When Pinterest first started, the website was described by many as being a place where you can do a form of “online scrapbooking”; it was a place where those who enjoyed pin-board style photo sharing could engage family members and friends online.
That was in 2010 and it had about 10,000 members nine months after its launch. For a start-up, that’s pretty impressive, but not necessarily anything to catch a lot of media attention.
Oh, but in just a matter of three short years, Pinterest has grown significantly to the point that statistics reflect that it rivals the social media giant Twitter when it comes to the amount of members that it has. As a matter of fact, reportedly, approximately 15 percent of all adults who use the internet regularly have a Pinterest account. Indeed, Pinterest has come a long way from when the CEO and co-founder of the company, Ben Silbermann offered his personal phone number to the first 5,000 sign-ups and he and his staff were working out of a small apartment.
So, with such a big following, it would make since that they would make a few online renovations. Since January, members have noticed changes that include a fresh new layout; one that is more “subtly user-friendly” than drastically obvious. Yet, the changes are significant nonetheless, especially when it comes to the backend of the site.
For instance, one noticeable change is that when you go to a particular Pinterest page, you will now see a single-pin view along with a section that you can scroll down that has similar items like the initial “pin picture”. And here’s the thing about it: the scroll feature now rolls indefinitely on every page including the homepage. That’s because the user database is now so large that there are enough recommended “pins” for people to view without there being a need for the scroll to stop.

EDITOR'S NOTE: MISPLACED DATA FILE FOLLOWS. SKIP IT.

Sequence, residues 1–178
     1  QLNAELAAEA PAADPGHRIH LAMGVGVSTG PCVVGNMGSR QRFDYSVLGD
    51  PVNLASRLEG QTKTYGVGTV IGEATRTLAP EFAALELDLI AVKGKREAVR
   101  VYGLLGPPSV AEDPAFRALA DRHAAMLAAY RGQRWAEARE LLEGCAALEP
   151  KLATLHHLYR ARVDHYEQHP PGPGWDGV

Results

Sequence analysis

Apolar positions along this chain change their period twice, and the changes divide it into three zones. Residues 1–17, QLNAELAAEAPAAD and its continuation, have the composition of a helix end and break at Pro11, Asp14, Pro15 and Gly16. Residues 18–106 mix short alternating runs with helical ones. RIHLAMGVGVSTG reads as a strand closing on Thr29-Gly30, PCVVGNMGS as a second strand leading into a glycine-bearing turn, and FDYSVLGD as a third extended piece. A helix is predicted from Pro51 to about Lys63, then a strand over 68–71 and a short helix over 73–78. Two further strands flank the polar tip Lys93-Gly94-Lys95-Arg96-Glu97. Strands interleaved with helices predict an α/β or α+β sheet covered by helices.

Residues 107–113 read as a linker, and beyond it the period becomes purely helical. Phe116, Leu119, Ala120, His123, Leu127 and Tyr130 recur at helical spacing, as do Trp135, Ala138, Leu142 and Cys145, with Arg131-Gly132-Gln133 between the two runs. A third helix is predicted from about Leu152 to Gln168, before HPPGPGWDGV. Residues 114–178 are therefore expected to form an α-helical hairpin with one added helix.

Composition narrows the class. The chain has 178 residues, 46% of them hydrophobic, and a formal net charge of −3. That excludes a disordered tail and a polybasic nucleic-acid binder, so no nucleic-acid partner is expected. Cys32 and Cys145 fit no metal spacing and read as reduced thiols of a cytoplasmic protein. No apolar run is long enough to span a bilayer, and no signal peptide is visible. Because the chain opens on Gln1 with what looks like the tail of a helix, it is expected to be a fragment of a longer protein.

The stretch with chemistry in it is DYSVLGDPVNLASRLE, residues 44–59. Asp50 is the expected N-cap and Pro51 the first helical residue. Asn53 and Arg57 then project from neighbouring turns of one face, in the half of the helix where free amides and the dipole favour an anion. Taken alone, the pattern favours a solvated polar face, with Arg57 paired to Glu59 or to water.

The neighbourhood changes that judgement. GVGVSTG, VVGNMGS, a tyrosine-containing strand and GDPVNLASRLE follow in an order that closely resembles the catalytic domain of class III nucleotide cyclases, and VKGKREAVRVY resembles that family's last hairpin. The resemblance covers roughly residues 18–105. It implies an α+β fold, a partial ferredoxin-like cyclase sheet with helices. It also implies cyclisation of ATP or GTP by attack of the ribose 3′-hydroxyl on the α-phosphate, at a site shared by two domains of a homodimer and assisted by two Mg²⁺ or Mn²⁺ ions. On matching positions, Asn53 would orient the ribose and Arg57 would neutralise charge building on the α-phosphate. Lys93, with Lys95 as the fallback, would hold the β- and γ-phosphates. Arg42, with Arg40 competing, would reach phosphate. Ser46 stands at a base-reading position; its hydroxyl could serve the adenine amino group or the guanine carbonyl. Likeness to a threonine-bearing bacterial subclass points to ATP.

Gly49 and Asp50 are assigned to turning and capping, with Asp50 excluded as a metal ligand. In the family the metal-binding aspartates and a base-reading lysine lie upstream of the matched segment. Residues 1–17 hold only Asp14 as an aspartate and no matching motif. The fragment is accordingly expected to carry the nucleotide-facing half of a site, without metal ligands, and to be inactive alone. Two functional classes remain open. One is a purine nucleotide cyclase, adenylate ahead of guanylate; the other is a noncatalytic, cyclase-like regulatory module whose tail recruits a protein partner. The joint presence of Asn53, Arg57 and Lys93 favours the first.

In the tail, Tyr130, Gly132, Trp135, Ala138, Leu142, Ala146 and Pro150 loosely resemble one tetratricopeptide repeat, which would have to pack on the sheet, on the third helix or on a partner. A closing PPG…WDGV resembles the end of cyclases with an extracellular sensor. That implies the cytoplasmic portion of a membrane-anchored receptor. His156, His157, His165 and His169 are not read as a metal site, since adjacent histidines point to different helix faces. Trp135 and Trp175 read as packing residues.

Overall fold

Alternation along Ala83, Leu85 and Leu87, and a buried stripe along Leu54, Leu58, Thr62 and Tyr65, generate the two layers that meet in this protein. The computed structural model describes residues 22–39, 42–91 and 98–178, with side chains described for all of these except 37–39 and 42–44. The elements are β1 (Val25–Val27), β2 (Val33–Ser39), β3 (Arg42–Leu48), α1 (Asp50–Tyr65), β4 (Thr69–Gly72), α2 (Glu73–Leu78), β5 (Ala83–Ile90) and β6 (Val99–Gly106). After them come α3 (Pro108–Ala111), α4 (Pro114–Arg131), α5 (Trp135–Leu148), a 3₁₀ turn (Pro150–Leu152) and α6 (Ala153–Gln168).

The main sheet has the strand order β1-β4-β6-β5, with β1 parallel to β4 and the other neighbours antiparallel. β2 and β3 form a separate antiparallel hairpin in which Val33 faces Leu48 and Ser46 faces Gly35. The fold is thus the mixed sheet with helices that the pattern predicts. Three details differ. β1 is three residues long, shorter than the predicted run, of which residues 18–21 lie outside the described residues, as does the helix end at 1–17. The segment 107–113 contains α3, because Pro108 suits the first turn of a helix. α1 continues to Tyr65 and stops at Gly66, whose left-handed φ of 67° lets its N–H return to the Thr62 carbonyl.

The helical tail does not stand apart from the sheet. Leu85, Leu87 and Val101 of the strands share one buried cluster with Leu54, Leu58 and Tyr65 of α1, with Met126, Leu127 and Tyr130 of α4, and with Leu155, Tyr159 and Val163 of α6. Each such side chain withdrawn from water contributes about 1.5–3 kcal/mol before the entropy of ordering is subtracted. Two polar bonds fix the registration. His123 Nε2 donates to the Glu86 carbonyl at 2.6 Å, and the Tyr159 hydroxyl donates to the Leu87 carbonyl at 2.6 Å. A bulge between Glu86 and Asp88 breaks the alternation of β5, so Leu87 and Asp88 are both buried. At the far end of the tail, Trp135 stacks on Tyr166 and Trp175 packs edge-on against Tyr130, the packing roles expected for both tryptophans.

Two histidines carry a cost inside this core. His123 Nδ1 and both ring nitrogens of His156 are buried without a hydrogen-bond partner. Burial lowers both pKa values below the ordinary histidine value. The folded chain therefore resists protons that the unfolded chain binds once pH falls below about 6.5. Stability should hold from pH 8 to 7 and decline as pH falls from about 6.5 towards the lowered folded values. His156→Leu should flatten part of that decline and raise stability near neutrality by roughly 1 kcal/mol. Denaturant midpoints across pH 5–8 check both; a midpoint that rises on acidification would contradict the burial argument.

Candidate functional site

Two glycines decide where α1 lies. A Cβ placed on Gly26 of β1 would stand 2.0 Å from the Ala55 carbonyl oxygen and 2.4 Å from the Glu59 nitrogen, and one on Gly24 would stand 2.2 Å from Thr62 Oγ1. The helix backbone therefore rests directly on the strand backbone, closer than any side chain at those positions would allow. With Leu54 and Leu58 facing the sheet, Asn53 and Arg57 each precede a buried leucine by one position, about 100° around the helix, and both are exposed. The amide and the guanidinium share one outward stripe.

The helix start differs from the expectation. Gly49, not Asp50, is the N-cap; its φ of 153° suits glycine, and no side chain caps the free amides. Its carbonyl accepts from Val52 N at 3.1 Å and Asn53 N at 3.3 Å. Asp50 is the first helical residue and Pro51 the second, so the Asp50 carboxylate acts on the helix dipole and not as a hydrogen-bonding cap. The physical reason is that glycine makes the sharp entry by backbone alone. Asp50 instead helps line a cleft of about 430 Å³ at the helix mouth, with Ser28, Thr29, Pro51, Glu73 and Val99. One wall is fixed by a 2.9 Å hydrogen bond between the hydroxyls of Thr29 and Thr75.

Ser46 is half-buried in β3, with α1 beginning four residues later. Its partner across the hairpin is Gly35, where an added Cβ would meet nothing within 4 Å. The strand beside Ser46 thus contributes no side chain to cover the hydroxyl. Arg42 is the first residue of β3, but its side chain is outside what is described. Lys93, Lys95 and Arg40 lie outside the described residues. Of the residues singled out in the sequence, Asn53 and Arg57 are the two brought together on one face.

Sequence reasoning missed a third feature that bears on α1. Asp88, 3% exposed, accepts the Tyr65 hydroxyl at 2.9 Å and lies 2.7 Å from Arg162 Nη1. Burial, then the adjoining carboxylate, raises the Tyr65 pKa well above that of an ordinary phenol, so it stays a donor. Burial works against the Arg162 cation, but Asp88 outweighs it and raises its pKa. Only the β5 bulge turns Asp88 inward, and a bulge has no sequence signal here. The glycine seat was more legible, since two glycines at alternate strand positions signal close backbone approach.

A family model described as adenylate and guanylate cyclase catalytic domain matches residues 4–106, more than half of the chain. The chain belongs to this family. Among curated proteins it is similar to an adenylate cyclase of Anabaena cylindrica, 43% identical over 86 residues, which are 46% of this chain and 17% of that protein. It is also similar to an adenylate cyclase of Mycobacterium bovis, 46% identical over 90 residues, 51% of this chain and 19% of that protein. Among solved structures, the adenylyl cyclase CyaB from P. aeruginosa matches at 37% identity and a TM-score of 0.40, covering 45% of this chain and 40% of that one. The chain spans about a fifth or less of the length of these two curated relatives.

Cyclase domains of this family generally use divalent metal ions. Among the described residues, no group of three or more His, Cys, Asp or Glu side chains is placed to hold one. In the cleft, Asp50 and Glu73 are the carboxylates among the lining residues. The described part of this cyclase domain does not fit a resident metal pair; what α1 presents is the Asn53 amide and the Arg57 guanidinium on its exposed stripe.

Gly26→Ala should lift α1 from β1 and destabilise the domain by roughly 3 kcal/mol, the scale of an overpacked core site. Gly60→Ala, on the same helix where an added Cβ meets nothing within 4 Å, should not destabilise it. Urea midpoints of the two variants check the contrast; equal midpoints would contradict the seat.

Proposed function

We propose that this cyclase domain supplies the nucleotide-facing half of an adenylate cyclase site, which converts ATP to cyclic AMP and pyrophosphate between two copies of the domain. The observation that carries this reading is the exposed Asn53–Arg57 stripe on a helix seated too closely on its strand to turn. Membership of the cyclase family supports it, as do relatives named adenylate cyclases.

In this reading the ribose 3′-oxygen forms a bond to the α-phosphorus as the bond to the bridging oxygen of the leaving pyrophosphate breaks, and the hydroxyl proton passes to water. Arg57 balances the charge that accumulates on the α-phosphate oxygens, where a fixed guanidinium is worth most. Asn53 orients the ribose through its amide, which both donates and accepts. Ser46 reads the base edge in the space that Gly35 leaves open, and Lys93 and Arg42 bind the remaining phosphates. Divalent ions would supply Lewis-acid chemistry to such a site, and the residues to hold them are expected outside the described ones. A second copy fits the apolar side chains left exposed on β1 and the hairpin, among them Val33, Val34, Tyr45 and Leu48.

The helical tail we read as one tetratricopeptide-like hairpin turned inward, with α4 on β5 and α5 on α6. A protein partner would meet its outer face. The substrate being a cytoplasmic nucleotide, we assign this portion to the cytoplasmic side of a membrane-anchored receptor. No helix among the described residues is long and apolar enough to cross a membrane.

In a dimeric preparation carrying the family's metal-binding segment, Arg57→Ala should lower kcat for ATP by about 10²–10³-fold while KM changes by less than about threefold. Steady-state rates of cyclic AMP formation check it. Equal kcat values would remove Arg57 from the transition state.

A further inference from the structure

Another change that has recently happened is that Pinterest has acquired Livestar, a mobile recommendation service. The Livestar app was created in order to allow users to receive personalized recommendations from both their friends as well as authoritative sources from around the web. Although Pinterest hasn’t said much about the acquisition, one can certainly see how that could be a forecast of even bigger changes to come within the company.
Indeed, this is a far cry from the days when, according to Silbermann, he sent an invite to 200 people that he knew to join the site and only 100 responded. Now, this former Google employee’s net worth is hovering somewhere around the $100 million mark, there are 20 million people who are members of the site and 30 employees who work on everything from consumer relations to animated infographics to conceptualizing even more ways to bring people to Pinterest on a daily basis.
Who would have ever thought that creating a website where you can simply post pictures to share with those you know would become as popular as it has? Then again, who would have thought so many people would enjoy writing statements under 140 characters on Twitter or updating a status on their Facebook profile page?
Sometimes a little hunch and a small beginning can turn out to be huge.
Just ask Silbermann.